Stocks may be trading close to record highs, but the market looks far more fragile under the surface.
Among the signals: More stocks declining than rising, a greater number of 52-week lows than highs, and a drop in small-cap stocks.
Last week, the Dow Jones Industrial Average briefly hit an all-time high while the traded near a record set on Sept. 21. The broader market ended the week posting its worst performance since September, and exposed a troubling trend: The recent run-up is being led by just a few stocks.
"The healthiest markets occur when the uptrend is broad-based, which is not the situation in the present example," said Bruce Bittles, chief investment strategist at Baird.
While the major indexes are trading at or near record highs, the number of stocks listed at the New York Stock Exchange at 52-week lows was around three times higher last week than those at 52-week highs, according to data from SentimenTrader. This is the first time since Dec. 28, 1999, that such a disparity took place and the second since 1965, the data show.
Investors look at the number of 52-week highs and lows made by stocks as a sign of market participation. In other words, more stocks making 52-week highs signals broad participation in an uptrend. Meanwhile, fewer 52-week highs during an uptrend suggest limited participation.
The overall S&P 500 gained 0.4 percent in September, but the average stock in the index actually fell 0.06 percent last month, according to data from Bespoke Investment Group. The main index is market-cap weighted, so bigger stocks have a bigger influence on the index.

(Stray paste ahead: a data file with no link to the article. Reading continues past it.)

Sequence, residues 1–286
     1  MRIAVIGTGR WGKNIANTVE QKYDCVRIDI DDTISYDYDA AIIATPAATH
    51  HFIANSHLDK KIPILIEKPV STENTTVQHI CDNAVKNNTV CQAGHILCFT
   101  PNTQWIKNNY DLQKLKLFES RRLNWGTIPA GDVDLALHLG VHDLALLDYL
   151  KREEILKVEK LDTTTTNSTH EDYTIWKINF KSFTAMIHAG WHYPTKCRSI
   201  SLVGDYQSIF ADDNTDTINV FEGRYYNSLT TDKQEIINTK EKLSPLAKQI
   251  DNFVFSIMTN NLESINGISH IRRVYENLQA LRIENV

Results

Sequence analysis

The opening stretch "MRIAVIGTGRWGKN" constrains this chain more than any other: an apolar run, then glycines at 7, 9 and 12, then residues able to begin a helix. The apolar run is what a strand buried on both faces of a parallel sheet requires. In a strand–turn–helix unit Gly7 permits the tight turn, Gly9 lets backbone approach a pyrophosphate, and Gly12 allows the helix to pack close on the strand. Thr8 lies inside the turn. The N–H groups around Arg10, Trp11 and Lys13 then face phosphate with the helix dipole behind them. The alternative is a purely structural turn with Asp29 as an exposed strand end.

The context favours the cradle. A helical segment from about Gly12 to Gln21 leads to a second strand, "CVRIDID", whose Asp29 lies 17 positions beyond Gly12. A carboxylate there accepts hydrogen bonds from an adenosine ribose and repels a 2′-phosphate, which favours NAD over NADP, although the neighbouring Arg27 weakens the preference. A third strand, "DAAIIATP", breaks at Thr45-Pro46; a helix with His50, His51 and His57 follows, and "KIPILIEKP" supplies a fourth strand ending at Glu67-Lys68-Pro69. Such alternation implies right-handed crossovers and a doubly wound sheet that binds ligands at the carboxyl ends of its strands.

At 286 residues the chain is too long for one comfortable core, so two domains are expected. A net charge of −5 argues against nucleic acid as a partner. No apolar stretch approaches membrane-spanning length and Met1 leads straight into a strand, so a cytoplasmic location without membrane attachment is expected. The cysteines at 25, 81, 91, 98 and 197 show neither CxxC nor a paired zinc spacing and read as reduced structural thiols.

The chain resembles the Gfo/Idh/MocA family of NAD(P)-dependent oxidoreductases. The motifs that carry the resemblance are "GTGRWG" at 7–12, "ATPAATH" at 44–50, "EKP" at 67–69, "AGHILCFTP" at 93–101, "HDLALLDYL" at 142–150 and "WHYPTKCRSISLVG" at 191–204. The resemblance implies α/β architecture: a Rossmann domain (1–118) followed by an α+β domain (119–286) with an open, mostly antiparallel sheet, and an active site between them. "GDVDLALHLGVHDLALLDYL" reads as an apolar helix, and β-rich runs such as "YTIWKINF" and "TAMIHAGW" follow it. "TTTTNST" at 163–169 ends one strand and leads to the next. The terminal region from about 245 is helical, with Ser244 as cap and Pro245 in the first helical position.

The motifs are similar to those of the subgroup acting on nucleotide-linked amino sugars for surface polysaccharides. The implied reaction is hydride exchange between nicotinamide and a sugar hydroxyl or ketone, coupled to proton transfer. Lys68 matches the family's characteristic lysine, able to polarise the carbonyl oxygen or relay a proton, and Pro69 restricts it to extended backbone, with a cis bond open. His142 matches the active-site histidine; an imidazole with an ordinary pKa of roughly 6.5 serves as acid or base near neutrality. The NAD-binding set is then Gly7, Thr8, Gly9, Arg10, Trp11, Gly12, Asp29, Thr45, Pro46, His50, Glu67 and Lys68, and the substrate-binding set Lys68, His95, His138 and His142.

"This is a result of the largest stocks in the S&P performing better than the smaller stocks in the index in September," Bespoke said in a note.
Microsoft and Exxon Mobil, two of the largest stocks in the S&P 500, rose last month by 1.8 percent and 6.1 percent, respectively. Meanwhile, Stericycle — which is the smallest stock in the index — fell 4.9 percent last month.
At the same time, the 10-day average of stocks making new 52-week highs at the New York Stock Exchange is below 100, said Andrew Thrasher, portfolio manager at The Financial Enhancement Group and founder of Thrasher Analytics. The technical analyst noted this has happened just three other times: at the lows of the financial crisis in 2009, in 2013 and in 2014.
The recent rally in stocks has also been limited to the large-cap indexes, leaving small-cap stocks behind. The Russell 2000, which is made up of small-cap stocks, has not hit a record since Aug. 31. Since then, the index has fallen about 4 percent, while the Dow and S&P 500 are up 3.7 percent and 1.2 percent, respectively.
Small caps initially left their large-cap counterparts in the dust earlier this year, as investors poured money into companies with lower overseas exposure amid growing fears of a global trade war. These fears have dissipated recently, however, as the U.S. agreed to trade deals with Mexico and Canada.
"When trade war fears soften, Chinese stocks outperform, [and] U.S. small-cap stocks underperform large caps," said Nick Raich, CEO of The Earnings Scout. "This is the trader's playbook that is dictating market action."
"With President Trump waving a victory flag over a new trade deal with Canada and Mexico, the markets are perceiving he will soon be waving the same flag with China soon," Raich said.
To be sure, this rally has two things going for it: strong corporate earnings and solid economic data.
Corporate earnings grew by 25 percent in each of the first two quarters, according to data from FactSet. Meanwhile, the U.S. economy grew by 4.2 percent in the second quarter and by 2 percent in the first quarter.
Thrasher of The Financial Enhancement Group says the market will need this to continue. "Can major averages continue to trend higher without broad participation? Yes, but it requires a near-perfect environment for it to occur like we saw with record-breaking earnings in Q2. Will Q3 reports be just as good and keep traders focused on just a handful of stocks to buoy the market? We'll see."